When the big one hits, the students at La Paz Intermediate School will know precisely how big it really is.
Two weeks ago, a seismograph was installed on the campus, making La Paz only the second junior high in California to have a fully operational seismology lab, teacher Daniel Doty said. The other junior high is in Diamond Bar.
The instrument--purchased for $17,000 with grants from GTE and a foundation--includes a detector buried in front of the school and a barrel graph, which would record the quake, displayed in a nearby hallway.
So far, the equipment has only recorded jumping students and passing trucks. But it also can detect any quake in Orange County and perhaps Southern California, Doty said.
Seismology “is something the students need to know,” said Doty, who will help teach the school’s Earth science classes. Instructor Betty Foley will teach the students the mathematics--graphing, ratios, charting, forecasting--that a seismologist uses.
“Earthquakes happen all of the time in this area, and for the students, this is real-life science,” Doty said.
Foley said it is easier to teach students math when they can see how it’s applied.
“Scientists work with math--you shouldn’t separate them into two compartments,” she said. “This way, the students will see that math is something they will use all of their lives. And it’s easier for them to learn when it is a hands-on activity, rather than on a teacher-directed project.”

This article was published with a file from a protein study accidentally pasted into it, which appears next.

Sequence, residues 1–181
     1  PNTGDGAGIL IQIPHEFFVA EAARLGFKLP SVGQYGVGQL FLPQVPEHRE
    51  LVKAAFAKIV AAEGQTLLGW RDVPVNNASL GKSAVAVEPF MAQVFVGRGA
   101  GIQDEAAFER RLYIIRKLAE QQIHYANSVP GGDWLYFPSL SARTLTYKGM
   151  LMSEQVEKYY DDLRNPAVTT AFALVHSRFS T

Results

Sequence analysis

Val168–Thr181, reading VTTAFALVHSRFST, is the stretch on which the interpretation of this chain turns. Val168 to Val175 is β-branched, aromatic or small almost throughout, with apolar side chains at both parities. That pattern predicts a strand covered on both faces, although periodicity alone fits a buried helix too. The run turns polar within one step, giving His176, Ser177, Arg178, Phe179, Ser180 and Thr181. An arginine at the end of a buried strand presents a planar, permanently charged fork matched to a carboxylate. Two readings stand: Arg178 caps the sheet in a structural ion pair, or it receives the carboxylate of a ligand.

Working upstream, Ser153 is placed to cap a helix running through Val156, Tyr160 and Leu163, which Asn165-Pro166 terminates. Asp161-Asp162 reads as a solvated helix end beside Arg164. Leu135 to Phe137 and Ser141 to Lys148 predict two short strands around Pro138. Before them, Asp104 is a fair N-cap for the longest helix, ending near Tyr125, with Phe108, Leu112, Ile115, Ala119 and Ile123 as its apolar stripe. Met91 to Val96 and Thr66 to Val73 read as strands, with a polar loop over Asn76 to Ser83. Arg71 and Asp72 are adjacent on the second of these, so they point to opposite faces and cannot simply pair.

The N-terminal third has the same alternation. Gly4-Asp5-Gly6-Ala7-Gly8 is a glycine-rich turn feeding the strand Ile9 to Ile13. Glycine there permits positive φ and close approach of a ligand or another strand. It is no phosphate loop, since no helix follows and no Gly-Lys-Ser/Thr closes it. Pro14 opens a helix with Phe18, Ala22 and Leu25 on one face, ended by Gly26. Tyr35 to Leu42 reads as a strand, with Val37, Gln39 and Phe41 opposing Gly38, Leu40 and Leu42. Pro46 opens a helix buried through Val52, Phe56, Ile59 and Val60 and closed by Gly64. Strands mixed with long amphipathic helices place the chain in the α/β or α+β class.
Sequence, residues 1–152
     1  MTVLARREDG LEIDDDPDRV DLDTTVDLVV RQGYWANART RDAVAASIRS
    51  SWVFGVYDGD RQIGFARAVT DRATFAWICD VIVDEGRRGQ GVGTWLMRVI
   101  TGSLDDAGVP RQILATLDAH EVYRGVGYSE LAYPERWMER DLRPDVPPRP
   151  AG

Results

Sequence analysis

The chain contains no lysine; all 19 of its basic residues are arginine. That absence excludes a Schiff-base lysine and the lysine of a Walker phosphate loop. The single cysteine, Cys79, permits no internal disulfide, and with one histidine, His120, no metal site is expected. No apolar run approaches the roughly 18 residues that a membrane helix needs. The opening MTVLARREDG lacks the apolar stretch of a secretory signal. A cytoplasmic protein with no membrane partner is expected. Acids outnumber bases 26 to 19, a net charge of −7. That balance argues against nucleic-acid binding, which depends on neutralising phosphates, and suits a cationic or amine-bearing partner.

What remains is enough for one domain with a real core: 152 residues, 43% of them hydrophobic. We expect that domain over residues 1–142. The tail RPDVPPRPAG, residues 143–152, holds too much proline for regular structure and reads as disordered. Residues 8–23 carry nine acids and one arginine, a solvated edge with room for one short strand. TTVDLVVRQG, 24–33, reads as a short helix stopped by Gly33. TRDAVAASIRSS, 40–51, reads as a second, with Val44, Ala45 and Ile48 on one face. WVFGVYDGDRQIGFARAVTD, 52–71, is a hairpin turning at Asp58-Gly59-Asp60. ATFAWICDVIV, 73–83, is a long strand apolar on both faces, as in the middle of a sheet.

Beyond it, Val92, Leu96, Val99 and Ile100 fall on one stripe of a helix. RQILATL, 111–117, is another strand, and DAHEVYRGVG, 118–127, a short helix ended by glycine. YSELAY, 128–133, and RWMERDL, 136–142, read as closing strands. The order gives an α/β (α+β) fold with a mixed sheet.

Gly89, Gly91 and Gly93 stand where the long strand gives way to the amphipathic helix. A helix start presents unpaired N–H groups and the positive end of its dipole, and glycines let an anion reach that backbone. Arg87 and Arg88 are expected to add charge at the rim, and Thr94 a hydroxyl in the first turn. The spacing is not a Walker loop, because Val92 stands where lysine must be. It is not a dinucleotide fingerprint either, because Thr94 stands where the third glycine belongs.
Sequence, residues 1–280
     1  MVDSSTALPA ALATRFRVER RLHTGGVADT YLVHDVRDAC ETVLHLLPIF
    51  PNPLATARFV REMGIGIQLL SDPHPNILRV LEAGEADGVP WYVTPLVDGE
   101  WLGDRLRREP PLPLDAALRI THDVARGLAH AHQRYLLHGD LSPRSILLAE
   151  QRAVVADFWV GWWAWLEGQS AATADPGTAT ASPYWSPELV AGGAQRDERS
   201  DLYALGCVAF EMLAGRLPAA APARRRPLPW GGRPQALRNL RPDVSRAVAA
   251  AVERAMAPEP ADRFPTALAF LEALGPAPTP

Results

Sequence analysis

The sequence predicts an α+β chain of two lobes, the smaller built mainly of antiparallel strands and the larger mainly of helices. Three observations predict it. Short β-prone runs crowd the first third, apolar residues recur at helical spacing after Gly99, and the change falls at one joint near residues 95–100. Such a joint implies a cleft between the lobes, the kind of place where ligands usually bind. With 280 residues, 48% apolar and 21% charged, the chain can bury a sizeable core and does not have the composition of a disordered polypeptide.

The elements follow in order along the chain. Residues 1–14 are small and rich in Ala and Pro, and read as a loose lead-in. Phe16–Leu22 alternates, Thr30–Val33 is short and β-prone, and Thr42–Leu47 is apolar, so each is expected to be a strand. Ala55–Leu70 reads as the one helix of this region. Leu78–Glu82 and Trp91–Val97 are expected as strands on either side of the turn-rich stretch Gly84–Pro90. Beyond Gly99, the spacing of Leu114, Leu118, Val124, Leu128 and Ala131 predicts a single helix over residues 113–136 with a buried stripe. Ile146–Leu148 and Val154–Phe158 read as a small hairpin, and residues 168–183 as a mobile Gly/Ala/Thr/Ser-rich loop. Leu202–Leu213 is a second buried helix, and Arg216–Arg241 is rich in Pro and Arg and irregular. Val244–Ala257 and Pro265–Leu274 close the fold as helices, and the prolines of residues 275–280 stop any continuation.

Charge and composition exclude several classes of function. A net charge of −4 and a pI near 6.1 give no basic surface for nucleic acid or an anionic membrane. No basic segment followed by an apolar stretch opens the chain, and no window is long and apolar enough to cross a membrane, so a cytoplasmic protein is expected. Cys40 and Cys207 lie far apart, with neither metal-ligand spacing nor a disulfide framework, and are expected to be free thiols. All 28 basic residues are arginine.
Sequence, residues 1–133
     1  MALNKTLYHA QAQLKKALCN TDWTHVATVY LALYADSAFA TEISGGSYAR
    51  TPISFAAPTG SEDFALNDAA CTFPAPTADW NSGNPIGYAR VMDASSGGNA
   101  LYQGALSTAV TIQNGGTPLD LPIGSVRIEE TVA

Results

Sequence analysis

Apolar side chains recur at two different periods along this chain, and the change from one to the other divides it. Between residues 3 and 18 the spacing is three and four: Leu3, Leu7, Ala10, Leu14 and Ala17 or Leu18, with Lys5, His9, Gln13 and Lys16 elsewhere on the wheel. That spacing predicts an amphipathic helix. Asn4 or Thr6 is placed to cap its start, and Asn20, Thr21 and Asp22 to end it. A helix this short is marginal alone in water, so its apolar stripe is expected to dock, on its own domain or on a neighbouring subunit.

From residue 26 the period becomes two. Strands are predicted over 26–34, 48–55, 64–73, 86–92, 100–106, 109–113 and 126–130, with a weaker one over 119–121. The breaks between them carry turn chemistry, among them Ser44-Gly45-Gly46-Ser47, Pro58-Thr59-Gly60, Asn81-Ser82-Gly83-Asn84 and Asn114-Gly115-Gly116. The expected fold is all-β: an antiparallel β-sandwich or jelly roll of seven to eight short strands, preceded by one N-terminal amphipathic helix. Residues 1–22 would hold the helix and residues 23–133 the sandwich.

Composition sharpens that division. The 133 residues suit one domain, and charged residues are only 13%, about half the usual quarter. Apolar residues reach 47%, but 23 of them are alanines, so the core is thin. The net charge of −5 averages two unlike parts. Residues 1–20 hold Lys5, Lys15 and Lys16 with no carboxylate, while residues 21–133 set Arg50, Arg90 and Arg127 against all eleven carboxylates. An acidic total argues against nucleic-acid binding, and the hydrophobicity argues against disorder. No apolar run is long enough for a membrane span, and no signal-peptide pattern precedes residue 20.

The program is receiving statewide support.
Caltech, Cal State Fullerton and the Lawrence Livermore National Laboratory in Northern California, along with other institutions, are providing Doty and his students with information about recent earthquakes worldwide.
“We believe that students will remain interested in science if they have a real opportunity to apply what they learn to something that is meaningful to them,” Livermore seismologist Eileen Vergino said. “And what could be more meaningful to a student in California than earthquakes?”
David Clouse and three of his classmates--Danny Besharati, Kevin Lau and Brian Beichner--couldn’t wait for the class to begin and have been spending their lunch hours in Doty’s classroom, using a computer to chart 1990 earthquakes that have occurred worldwide.
“Before this, I didn’t even know what a seismograph looked like or really what it was,” David, 13, said. “But this has been a good learning experience. I’m learning earthquakes happen all around the world.”
The others agreed.
“I didn’t realize there were that many” quakes, said Kevin, 12.